Submitted to: American Fisheries Society Annual Meeting
Publication Type: Abstract Only
Publication Acceptance Date: April 4, 2007
Publication Date: June 4, 2007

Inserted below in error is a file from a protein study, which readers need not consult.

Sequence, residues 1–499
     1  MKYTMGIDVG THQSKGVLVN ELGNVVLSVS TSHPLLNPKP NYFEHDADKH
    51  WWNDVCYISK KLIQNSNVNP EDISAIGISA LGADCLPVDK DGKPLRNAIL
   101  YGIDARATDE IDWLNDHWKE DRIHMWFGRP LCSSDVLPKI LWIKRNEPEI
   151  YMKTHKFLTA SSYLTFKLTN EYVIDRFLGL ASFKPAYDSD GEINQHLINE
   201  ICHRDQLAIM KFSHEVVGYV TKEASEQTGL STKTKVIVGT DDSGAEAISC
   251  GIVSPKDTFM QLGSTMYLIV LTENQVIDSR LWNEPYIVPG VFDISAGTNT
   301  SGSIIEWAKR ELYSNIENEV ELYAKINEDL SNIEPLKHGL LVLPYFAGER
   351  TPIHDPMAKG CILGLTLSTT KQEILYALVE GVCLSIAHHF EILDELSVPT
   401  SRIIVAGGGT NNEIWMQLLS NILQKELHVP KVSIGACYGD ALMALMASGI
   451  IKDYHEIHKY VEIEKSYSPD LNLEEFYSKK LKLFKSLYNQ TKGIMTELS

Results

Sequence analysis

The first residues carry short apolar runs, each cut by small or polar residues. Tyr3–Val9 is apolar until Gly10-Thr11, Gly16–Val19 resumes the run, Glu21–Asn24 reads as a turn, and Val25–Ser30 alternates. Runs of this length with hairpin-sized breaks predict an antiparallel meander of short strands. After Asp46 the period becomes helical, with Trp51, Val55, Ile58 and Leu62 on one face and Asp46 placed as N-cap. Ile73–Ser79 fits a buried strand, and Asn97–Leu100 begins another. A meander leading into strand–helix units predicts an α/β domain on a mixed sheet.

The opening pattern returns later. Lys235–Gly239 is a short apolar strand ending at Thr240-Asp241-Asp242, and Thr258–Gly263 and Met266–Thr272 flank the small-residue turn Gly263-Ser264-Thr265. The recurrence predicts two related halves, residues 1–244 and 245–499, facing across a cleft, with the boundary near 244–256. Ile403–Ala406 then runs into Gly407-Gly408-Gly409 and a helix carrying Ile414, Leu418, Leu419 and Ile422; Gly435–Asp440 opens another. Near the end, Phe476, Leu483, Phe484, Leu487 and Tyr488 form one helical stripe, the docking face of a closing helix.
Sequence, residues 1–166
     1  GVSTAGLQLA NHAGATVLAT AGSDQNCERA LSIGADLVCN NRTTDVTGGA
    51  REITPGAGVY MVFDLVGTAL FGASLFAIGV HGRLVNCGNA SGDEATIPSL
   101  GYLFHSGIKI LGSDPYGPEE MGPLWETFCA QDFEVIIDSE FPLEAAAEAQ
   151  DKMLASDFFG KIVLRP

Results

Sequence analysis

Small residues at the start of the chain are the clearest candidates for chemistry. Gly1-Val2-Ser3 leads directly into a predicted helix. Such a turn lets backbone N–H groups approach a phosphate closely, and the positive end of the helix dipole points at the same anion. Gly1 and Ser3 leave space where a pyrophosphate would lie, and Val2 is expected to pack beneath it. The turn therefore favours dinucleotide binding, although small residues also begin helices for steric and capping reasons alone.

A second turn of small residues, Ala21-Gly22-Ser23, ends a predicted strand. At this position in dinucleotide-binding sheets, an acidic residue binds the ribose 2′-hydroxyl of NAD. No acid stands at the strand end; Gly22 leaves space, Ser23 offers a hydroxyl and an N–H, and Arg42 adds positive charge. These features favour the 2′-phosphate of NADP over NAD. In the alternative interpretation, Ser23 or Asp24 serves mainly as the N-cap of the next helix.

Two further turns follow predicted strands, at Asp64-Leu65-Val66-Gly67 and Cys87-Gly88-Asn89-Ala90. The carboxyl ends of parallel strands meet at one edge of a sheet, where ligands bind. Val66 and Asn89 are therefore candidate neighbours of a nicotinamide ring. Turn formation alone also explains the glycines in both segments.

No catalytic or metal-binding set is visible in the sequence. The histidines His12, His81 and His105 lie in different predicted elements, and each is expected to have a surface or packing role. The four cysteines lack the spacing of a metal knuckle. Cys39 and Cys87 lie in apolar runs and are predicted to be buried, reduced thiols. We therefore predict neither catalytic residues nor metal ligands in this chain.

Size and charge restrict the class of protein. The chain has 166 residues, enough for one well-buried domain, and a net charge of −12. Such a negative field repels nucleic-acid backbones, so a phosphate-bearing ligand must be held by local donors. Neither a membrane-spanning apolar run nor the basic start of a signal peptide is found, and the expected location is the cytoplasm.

Citation: Xu, D., Shoemaker, C.A., Klesius, P.H. 2007. Are Tilapia Infected with Gyrodactylus More Susceptible to Streptococcus?. American Fisheries Society Annual Meeting Proceedings. page 9. Technical Abstract: Streptococcus iniae and Gyrodactylus niloticus are two common pathogens of cultured Nile tilapia, Oreochromis niloticus. We studied concurrent infection of tilapia by G. niloticus and S. iniae and evaluated whether parasitism in tilapia with Gyrodactylus increased susceptibility and mortality following immersion infection with S. iniae. A total of 200 tilapia infected with G. niloticus and 200 fish without parasite burden were divided into 4 groups and received the following treatments: 1) G. niloticus infected and challenged with S. iniae (G-S), 2) no parasite infection and challenged with S. iniae (N-S), 3) G. niloticus infected and no S. iniae (G-N) and 4) no G. niloticus and no S. iniae (N-N). Results showed that death mainly occurred in fish parasitized by G. niloticus and challenged with S. iniae (G-S group). The accumulative mortality (42.2%) was significantly higher in the G-S group than fish not infected by the parasite, but exposed to S. iniae (6.7%). Bacteriological examination revealed S. iniae from 92% of dead or moribund fish challenged with S. iniae. In another trial to determine if the parasite can potentially harbor the bacterial pathogen, 105 tilapia infected by Gyrodactylus were divided into 3 groups and fish in each group received one of following treatments: 1) S. iniae IP injected, 2) S. iniae immersion exposed, and 3) non-exposed control. Gyrodactylus was collected from fish 24 and 72 h post exposure and S. iniae was isolated and identified from parasite samples. The result showed that S. iniae was isolated from 60% and 40% of G. niloticus collected from fish infected by IP injection or immersion, respectively at 24 h post challenge. The present study confirms that parasitism of tilapia by G. niloticus increases host mortality following exposure to the bacterial pathogen S. iniae. Gyrodactylus not only damaged fish epithelium and provided entry for invasive bacteria but also was found to harbor viable cells of S. iniae.